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Currency Wars – The ‘Weaponisation’ of the Dollar, an Energy Crisis, And Questionable Politics

Updated: Mar 18

Alex Coiov, 11A


Over the last few months, the American dollar has appreciated tremendously compared to other world reserve currencies (trustworthy, reliable, and stable currencies that are often used for trade on a global scale), such as the Euro, the British pound, the Swiss franc, the Japanese yen, the Chinese renminbi (also called yuan), the Australian dollar, and the Canadian dollar, due to several reasons. For instance, the war in Europe with its looming energy crisis, the questionable fiscal (governmental) policies utilised in the UK by the newly-elected Prime Minister Liz Truss (reduced taxes for the rich and influential), and elevated inflation levels worldwide all play a crucial role. Therefore, investors and financial markets headed toward the American dollar, which is now perceived as a ‘safe haven currency’ (i.e., a currency that is expected to retain or increase in value when it seems like the world is ‘coming to an end’) [1], because:

- most trades among countries are dollar-denominated (especially fossil fuel trades: natural gas, crude oil, and gasoline);

- US government bonds have always been regarded as trustworthy due to the country’s important place in the global economy (government bond = government debt; essentially, when governments need money to fund their projects, they issue certificates, bonds, which have a fixed value, for instance, $100, that is paid at the bond’s maturity date alongside the ‘coupon rate’, a fixed % of the bond’s initial price, which is paid annually; for example, a 10-year, $100 bond with a 3% coupon rate pays $3 annually for ten years, after which the $100 are paid to the investor upon ‘maturity’ when the ten years have passed => $100 becomes $130 over ten years);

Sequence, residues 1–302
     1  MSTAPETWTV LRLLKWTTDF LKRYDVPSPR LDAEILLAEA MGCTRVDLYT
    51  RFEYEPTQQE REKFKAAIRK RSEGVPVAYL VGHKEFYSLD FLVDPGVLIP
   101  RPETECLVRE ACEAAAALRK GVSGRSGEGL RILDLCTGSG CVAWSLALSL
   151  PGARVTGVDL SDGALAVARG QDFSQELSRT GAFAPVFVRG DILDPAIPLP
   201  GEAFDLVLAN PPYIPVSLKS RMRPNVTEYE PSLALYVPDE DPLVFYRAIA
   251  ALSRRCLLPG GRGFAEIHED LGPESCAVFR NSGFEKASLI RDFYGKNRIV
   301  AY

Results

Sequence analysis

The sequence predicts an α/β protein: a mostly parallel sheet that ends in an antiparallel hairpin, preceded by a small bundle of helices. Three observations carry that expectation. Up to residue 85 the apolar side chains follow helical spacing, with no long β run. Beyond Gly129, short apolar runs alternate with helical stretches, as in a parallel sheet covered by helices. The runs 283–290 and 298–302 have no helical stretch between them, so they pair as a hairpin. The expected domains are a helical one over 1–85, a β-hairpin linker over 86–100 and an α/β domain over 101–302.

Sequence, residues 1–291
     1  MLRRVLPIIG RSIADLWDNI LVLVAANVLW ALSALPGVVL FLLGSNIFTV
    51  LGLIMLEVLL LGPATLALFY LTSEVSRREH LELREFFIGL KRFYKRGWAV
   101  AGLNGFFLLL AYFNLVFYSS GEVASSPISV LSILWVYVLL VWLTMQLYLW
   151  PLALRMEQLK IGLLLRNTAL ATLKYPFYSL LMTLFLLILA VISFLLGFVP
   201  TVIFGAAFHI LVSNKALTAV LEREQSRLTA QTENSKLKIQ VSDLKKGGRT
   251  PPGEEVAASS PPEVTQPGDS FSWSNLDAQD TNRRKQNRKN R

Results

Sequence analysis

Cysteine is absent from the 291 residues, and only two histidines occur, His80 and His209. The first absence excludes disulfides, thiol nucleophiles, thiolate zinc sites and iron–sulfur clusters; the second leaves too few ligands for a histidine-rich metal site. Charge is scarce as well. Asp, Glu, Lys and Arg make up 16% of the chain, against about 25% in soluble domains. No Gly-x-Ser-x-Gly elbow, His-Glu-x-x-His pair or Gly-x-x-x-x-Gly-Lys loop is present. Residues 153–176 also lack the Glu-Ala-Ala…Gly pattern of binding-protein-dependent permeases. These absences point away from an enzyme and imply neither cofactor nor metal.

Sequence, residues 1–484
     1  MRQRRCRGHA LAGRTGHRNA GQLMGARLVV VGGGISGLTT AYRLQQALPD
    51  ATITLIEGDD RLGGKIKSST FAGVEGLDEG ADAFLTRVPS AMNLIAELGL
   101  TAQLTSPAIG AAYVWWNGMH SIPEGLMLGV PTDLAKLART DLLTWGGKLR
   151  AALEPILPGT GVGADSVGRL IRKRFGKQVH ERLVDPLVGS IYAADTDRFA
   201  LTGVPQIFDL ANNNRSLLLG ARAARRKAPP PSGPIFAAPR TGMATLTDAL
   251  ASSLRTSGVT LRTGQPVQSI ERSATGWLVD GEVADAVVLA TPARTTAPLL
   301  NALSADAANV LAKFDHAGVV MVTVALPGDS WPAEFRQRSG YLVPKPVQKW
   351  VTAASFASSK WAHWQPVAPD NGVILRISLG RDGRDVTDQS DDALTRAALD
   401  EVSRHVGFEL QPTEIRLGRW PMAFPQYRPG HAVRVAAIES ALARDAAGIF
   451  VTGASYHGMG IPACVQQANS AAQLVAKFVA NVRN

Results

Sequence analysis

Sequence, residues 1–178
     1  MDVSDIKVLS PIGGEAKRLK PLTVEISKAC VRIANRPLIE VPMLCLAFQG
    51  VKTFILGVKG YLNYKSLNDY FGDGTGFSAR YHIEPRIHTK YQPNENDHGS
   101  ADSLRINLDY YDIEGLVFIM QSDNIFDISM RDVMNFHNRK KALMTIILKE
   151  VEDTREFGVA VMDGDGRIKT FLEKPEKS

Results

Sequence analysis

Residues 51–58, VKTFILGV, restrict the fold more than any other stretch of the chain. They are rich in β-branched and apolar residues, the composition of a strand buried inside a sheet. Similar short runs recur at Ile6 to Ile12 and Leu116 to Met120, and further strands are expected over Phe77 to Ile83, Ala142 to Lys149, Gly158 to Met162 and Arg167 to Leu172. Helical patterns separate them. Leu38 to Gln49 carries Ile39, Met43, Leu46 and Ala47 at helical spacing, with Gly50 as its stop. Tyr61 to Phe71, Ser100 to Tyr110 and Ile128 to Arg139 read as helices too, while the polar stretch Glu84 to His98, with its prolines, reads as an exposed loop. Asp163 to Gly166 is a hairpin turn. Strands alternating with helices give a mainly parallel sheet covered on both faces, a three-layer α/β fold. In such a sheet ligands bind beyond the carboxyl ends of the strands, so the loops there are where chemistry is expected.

- and due to the Federal Reserve Board’s (FED’s) inflation-reduction policies, which increased the strength and trustworthiness of the American dollar (The ‘Federal Reserve Board’ is the US’s central bank = ‘the bank of all banks’, the mother bank that oversees all banking activity).

Nonetheless, arguments explaining how these currency fluctuations impact the EU, the UK, and Romania will be provided below.

1. The EU

In a nutshell, a strong dollar, an energetic shock, and a falling demand for the continent’s exports due to the harsh covid restrictions imposed in China all worsen the current conditions in Europe. Nevertheless, a surging American dollar implies higher prices for Europeans importing fossil fuels while simultaneously leading to a capital flight between the two regions (explanation: due to the economic uncertainty caused by the energy shock and the Russian war in Europe, investors are fleeing the European markets in search for a safe haven, the United States). Consequently, European Central Banks, among which the ECB (the ‘European Central Bank’ = the mother of all banks in the Euro Zone) and BNR (‘Banca Națională Română’) must pursue contractionary, inflation-fighting policies to increase the strength of their currencies, thus reducing imported inflation from fossil fuels and cooling their respective economies.

However, such policies will undeniably reduce economic growth, hence the trade-off. If central banks raise interest rates (= a tool utilised by central banks to reduce inflation) excessively and too fast, the European economies may experience an economic crisis (called ‘recession’), which is characterised by a decreased economic output (production) and increased unemployment. Although economic growth in the EU has slowed in recent months, the labour market is sound, and unemployment levels are low compared to long-run averages.